LINCOLN, Neb. (AP) — Nebraska and Oklahoma Thursday asked the U.S. Supreme Court to declare Colorado's legalization of marijuana unconstitutional, saying the drug is being brought from Colorado into neighboring states.
Nebraska Attorney General Jon Bruning said the states have filed a lawsuit seeking a court order to prevent Colorado from enforcing the measure that was approved by voters in 2012.
The complaint says Colorado's Amendment 64 runs afoul of federal law and therefore violates the Constitution's supremacy clause, which says that federal laws trump state laws.
"This contraband has been heavily trafficked into our state," Bruning said at a news conference in Lincoln. "While Colorado reaps millions from the sale of pot, Nebraska taxpayers have to bear the cost."
Some law enforcement agencies in western Nebraska, along the Colorado border, have complained that marijuana from the neighboring state has drained their resources.
Oklahoma Attorney General Scott Pruitt said Thursday that Colorado's decision has hindered his state's efforts to enforce its anti-marijuana laws. Pruitt said marijuana poses health and safety risks to children and teens.
"As the state's chief legal officer, the attorney general's office is taking this step to protect the health and safety of Oklahomans," Pruitt said in a statement.
Washington state also has legalized marijuana, but Bruning said Washington wasn't included because it doesn't share a border with Nebraska or Oklahoma.
In a statement, Colorado Attorney General John Suthers said the lawsuit was without merit but that he was not totally surprised by it because neighboring states have expressed concerns about Colorado marijuana crossing the border.
"However, it appears the plaintiffs' primary grievance stems from non-enforcement of federal laws regarding marijuana, as opposed to choices made by the voters of Colorado," said Suthers, who said Colorado would vigorously defend its law.
Bruning, a Republican, blamed U.S. Attorney General Eric Holder for failing to enforce the federal law's ban on drugs in Colorado.
Bruning leaves office in January but said he coordinated with Nebraska Attorney General-elect Doug Peterson, also a Republican, who will continue to pursue the case.
REDONDO BEACH, Calif. (AP) — Pedestrians were filing out of a church Christmas service when a car sped around other vehicles at a red light and plowed into the crowd before hitting another car head-on, police and witnesses said. Three people were killed, and several more were injured, California authorities said.
"Someone ran the red light, and bodies started flying. It was pretty horrible," witness Marco Zonno told KNBC-TV.
Within moments of the crash Wednesday night along California's famed Pacific Coast Highway, people were at the sides of victims lying in the street, said Mark Milutin, 26, who was in one of the cars stopped at the light.
"It was a very fast reaction," he said. "Two or three people were around each victim."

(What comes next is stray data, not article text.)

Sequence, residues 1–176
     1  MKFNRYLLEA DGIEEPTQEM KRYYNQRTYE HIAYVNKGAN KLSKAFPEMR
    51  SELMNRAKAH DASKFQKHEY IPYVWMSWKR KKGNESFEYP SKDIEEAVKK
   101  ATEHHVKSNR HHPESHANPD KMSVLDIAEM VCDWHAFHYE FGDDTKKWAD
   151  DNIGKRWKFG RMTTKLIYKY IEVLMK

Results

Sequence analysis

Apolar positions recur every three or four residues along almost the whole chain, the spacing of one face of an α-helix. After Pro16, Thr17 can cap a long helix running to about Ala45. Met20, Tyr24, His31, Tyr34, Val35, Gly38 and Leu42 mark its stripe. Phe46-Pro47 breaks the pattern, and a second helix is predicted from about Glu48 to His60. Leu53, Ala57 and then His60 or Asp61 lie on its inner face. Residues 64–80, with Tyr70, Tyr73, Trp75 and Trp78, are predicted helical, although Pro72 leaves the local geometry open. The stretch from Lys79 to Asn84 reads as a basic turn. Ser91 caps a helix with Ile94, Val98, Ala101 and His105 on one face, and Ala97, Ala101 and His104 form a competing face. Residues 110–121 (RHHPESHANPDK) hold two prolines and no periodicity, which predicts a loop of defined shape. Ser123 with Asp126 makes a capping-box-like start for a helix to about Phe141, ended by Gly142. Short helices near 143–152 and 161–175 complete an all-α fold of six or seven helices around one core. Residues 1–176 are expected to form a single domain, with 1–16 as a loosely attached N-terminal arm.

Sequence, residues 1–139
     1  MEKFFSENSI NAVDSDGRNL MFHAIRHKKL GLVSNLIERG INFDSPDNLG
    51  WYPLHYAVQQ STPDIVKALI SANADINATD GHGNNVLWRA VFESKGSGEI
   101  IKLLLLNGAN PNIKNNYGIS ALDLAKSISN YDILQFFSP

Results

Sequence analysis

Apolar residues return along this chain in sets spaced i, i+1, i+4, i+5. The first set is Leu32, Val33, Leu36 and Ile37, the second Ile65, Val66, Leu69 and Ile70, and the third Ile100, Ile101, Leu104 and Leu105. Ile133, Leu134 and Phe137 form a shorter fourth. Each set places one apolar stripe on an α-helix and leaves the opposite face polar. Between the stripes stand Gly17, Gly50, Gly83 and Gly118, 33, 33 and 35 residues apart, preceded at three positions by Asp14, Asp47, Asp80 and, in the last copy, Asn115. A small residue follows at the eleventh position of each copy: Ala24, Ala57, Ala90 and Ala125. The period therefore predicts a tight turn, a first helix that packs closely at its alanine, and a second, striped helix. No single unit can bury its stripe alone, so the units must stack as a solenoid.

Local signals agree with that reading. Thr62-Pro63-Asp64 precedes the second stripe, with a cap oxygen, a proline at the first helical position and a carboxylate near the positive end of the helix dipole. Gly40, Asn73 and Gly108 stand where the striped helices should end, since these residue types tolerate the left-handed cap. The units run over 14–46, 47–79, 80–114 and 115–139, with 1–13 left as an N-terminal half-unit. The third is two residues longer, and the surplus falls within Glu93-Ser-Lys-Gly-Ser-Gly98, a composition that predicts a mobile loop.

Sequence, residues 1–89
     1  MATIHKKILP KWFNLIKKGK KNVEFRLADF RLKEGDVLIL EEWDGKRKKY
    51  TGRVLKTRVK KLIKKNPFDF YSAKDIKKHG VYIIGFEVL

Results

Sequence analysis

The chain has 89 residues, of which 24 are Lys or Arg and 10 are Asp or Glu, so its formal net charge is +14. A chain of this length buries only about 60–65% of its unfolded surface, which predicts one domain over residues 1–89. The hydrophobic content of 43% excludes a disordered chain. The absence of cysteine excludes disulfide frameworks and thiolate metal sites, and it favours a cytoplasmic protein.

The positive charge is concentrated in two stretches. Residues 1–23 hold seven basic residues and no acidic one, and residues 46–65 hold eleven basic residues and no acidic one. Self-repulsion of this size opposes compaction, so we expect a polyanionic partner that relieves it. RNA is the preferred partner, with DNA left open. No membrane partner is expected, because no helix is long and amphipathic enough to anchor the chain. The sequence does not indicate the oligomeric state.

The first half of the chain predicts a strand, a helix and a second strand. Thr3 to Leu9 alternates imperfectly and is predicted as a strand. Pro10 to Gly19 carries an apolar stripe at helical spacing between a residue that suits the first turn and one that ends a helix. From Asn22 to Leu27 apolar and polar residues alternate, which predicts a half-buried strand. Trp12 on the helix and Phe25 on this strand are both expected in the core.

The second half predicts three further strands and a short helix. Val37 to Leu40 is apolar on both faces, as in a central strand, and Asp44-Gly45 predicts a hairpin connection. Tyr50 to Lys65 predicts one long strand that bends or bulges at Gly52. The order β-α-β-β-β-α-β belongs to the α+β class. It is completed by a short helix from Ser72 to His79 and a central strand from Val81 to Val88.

Margo Bronstein, 56, was arrested after the crash on suspicion of driving under the influence and vehicular manslaughter, Redondo Beach police Lt. Shawn Freeman said.
Five children and eight adults, including the suspect and the other driver, suffered injuries including broken bones, abrasions and head trauma, Freeman said. Three people, Mary Anne Wilson, 81; Saeko Matsumura, 87; and Martha Gaza, 36, all of Torrance, later died, police said.
At least two people remained in critical condition Thursday morning, Freeman said.
Members of the crowd had just attended a Christmas program at St. James Catholic Church put on by students at the church's school.
Alan Wells, who lives in the apartment building at the corner, heard the crash and ran outside.
"I saw people lying all over the street, and people in the crosswalk were screaming and yelling," he told the Daily Breeze.
One boy who was struck was flung across the intersection, ending up beneath an SUV's tire, according to witnesses.
"The car is on the little boy. And we finally rolled it off the little boy. He had a little tie on. It was scary. It looked like he was in heaven at that point," Michael Tovar told KTTV.
The condition of the boy was unknown Thursday.
St. James Msgr. Michael Meyers said church officials led prayers at the scene.
"Nobody knew the condition of any of the victims so we simply went and prayed for each one and prayed over them and anointed them and just asked God's grace to be with them," Meyers said.
Bronstein was held on $300,000 bail and scheduled to appear in court on Friday. It wasn't immediately known if she has an attorney.
Officials said they do not have information linking her to any prior arrests or DUI-related incidents.
She had a perfect driving record but was restricted to driving a vehicle with hand-controlled brakes, an additional right-side mirror and adequate signaling device, according to Department of Motor Vehicle records.
The DMV had no record listing her as handicapped, however.
Milutin said the woman who hit the pedestrians, "just looked completely out of it."
"It was just a reaction I wouldn't have ever thought someone would have after a situation like that," he said.
A message seeking comment left at a phone number listed for Bronstein was not immediately returned Thursday.
The crash comes three days after another driver now charged with drunken driving injured 11 people who were parked and looking at a holiday light display in the Los Angeles suburb of Alhambra.